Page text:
11.23.2010

The Cloisters, New York

I have been stockpiling garden travel stories from this summer, waiting for the shorter, gray days of autumn to revisit some of my favorite garden treks.  Before I take you on this short trip I ask that you take a deep breath, hold it, slowly exhale and relax. If you had a crazy day repeat as needed. Are you in your Zen space? Good. Then let’s begin.

At the northern edge of Manhattan Island, far removed from the shops, lights and pulse of the city, is a place as near to tranquility as I have found when not on a woodland hike or tending a garden. Resting atop a four acre overlook of the Hudson River in Fort Tyron Park, sits the Cloisters, a museum dedicated to medieval art and gardens.  The Cloisters, a branch of the Metropolitan Museum of Art, features three distinct medieval gardens planted within the reconstructed Romanesque and Gothic cloisters.

The museum is a collection of ruins and architectural elements collected across Europe by George Grey Barnard and later brought to its present location by John D. Rockefeller Jr. For many, it is as close to a medieval monastery as we will experience. More than attractive, reflective gardens, the cloister gardens are the center of in-depth research conducted by dedicated horticulturalists. Studying the plants within the three cloister gardens opens the door to medieval gardening and history.
Trie Cloister Garden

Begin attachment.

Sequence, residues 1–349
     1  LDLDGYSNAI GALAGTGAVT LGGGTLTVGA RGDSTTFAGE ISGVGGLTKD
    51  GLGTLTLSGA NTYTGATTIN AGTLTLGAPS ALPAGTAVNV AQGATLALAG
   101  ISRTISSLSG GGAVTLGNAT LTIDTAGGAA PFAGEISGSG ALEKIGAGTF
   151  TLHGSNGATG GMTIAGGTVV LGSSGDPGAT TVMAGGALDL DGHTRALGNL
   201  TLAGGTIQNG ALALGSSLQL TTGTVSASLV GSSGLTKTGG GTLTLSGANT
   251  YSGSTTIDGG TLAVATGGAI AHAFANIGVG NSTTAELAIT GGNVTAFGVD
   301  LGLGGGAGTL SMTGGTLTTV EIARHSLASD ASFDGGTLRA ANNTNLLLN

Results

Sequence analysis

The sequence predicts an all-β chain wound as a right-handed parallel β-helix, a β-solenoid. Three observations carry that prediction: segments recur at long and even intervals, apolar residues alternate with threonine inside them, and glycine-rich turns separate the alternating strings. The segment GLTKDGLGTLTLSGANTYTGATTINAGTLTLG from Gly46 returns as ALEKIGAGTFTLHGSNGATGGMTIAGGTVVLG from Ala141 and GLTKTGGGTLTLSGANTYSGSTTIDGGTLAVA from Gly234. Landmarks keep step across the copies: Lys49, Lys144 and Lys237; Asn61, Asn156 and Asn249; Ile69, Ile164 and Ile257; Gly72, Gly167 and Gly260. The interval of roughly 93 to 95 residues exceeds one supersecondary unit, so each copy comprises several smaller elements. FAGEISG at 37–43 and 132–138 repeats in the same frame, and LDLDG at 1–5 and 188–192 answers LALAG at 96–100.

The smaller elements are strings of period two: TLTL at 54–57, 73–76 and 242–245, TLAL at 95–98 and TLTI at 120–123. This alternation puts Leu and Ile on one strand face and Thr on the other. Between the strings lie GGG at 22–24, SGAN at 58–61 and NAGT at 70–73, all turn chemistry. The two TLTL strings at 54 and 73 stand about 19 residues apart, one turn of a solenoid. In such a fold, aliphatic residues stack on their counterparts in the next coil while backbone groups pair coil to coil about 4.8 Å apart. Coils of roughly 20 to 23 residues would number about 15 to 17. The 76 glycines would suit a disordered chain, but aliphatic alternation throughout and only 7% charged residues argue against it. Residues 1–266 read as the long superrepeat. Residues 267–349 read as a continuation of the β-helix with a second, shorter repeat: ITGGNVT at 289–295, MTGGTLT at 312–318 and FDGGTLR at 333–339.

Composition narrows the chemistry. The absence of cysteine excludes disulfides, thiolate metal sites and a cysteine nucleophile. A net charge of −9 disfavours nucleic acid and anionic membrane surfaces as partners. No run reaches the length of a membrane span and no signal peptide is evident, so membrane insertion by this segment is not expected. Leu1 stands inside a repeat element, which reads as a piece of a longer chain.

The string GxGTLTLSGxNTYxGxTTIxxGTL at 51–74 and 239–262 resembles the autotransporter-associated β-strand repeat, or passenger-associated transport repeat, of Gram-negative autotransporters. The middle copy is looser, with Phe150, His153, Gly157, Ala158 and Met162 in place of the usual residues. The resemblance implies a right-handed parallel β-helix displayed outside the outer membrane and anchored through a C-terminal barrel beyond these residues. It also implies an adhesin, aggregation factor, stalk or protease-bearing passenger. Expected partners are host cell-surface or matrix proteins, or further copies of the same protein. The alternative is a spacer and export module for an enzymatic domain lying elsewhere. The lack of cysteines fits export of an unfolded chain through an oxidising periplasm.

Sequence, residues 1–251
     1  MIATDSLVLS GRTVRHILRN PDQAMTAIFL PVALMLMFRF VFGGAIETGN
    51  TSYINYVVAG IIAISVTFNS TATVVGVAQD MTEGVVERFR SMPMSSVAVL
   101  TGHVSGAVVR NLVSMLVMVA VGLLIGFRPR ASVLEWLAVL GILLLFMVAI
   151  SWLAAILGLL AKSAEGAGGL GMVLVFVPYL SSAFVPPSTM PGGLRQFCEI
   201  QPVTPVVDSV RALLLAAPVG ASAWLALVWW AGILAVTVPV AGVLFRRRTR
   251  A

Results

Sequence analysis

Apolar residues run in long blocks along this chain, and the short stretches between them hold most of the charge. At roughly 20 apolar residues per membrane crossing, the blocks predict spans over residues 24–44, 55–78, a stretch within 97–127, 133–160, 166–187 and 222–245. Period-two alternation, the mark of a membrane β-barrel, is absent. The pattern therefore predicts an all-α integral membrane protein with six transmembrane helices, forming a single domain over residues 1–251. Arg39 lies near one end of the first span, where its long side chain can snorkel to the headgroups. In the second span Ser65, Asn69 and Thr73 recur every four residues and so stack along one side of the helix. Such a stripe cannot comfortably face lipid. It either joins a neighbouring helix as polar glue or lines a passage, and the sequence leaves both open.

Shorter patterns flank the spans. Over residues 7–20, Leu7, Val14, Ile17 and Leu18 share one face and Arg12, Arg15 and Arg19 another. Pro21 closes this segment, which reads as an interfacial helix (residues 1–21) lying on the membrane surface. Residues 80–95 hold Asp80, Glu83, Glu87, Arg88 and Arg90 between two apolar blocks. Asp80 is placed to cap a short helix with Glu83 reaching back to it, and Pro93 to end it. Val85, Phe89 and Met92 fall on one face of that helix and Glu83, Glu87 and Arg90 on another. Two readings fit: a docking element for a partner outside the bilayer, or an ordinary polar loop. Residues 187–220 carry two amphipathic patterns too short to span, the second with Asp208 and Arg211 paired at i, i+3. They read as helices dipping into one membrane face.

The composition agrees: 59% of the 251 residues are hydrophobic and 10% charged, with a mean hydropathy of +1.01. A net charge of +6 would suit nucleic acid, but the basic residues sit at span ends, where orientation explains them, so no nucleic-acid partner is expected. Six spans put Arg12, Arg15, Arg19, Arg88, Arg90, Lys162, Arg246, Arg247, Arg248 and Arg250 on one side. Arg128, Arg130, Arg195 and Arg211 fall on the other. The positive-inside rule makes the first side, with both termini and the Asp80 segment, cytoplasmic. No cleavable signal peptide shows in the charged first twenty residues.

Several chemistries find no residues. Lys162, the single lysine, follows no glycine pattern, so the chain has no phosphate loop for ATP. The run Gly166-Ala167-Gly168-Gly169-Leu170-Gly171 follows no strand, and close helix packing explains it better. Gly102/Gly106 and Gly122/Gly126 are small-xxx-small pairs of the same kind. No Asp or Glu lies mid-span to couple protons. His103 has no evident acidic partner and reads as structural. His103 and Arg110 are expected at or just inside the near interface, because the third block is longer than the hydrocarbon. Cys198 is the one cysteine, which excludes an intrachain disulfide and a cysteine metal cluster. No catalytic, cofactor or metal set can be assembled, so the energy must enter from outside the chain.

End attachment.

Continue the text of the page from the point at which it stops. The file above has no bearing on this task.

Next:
A cloister is an open-air courtyard surrounded by covered passageways. The word cloister comes from the Latin word claustrum, a closed, barred or bolted place. The yard enclosed within the arcade is known as a garth. Cloister garths in medieval religious establishments were sunny, sheltered spaces where the monks or nuns could enjoy the day, meditate and tend to their gardens without leaving the confines of their dwelling.

The subway ride to the museum was uneventful. After an impromptu tour of the local neighborhood and a trek up the drive in the heat, the cool and quiet of the museum was welcoming. After touring a few rooms I settled in for lunch at a small café of sorts surrounding the Trie Cloister garden.
Trie Cloister Garden

The Trie Cloister garden is one continuous bed of plants. Surrounding an ornate fountain are 80 species of plants that create a thick stand of foliage and flowers. The garden is representative of millefluers (thousand flowers) of medieval tapestries.  It is a peaceful place to enjoy lunch, coffee or quiet reflection.
The Bonnefont Cloister Herb Garden (above) is the main teaching garden with around 250 plants known to have been grown during medieval times. Nineteen beds house plants arranged by their uses; medicinal, seasoning, dyeing, magic potions and decorative. In the center of the garden you will find a fifteenth century Venetian wellhead.

The Bonnefont Cloister

The Bonnefont Cloister
Cuxa Cloister
The Cuxa Cloister was created by remnants of an eleventh century Romanesque Benedictine Monastery and is modeled after a garth. The garden includes plants such as columbine, sage and hellebore as well as alyssum and coreopsis. Crabapples anchor each of the four beds. The fruit from the trees would have been used to make cider and verjuice during medieval times.


Cuxa Cloister

2 comments:

  1. cloisters and garths and now I know the difference.

    ReplyDelete
  2. Stunning. I would love to visit it.

    ReplyDelete